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Coal under Pressure as Natural Gas Prices Remain Subdued

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Natural gas prices

Henry Hub benchmark natural gas prices fell below $2 per MMBtu (British thermal units in millions) during the week ended October 30, 2015. The benchmark natural gas price came in at $1.94 per MMBtu on October 30 compared to $2.27 per MMBtu on October 23. Interestingly, natural gas futures prices rose during that week to $2.32 per MMBtu, from $2.29 per MMBtu as of October 23. The expected rise in winter demand lifted the futures prices.

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Why are these indicators important?

The shale gas boom led to a massive rise in natural gas production. In turn, this spurred a fall in natural gas prices. As a result, natural gas is competing hard against coal. Cleaner and more competitive natural gas ate away the market share of coal in electricity generation, which is a continuing trend.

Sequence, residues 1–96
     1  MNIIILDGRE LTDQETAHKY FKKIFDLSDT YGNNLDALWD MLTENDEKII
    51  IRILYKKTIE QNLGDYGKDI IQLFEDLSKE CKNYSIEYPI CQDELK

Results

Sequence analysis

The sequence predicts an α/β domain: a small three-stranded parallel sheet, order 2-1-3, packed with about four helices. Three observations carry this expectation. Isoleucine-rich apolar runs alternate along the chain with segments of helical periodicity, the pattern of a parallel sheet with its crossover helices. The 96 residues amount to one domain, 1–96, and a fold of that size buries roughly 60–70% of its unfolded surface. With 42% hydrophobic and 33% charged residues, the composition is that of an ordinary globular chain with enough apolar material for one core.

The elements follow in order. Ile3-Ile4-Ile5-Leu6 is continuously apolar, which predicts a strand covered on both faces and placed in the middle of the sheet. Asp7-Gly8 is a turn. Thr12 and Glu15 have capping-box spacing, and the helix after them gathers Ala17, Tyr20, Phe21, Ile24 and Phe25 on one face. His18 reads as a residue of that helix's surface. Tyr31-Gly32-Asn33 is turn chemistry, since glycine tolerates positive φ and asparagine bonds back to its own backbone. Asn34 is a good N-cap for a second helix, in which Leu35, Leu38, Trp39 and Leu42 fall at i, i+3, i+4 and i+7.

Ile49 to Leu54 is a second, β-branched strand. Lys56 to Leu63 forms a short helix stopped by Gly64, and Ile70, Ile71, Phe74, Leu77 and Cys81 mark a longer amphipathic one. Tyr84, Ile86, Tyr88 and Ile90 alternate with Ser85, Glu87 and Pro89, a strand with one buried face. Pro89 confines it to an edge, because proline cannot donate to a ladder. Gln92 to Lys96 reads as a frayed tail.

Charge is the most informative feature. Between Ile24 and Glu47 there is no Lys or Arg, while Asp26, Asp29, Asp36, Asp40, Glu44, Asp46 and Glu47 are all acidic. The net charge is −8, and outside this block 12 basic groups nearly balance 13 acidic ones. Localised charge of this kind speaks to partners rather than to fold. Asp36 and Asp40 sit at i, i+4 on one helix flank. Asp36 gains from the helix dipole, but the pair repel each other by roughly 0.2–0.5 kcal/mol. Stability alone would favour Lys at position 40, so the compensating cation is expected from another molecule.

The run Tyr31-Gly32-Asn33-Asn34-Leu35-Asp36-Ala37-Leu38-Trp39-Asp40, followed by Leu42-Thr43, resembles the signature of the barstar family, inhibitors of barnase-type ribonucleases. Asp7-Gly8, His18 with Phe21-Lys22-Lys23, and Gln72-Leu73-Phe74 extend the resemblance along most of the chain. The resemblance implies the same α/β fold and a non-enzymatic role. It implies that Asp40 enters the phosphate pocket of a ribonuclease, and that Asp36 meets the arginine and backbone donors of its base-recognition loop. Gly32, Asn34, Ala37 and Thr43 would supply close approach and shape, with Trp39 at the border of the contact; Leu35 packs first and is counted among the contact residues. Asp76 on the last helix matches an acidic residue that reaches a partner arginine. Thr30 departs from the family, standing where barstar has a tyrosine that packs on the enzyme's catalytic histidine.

Natural gas prices and coal’s market share in electricity generation are related. When natural gas prices fall, coal loses market share. It becomes more economical to use natural gas for power generation. On the other hand, a rise in natural gas prices generally leads to a rise in coal’s market share.

Impact on coal and utilities

Subdued natural gas prices aren’t good news for coal producers (KOL) such as Alliance Resource Partners (ARLP) and Natural Resources Partners (NRP).

For utilities (XLU) such as Dynegy (DYN) and NRG Energy (NRG), the impact depends on the level of regulation. For regulated utilities, the impact is generally negligible because the fuel cost is part of the tariff calculations. For natural gas power plants supplying electricity at long-term fixed price contracts, subdued natural gas prices are a positive indicator.

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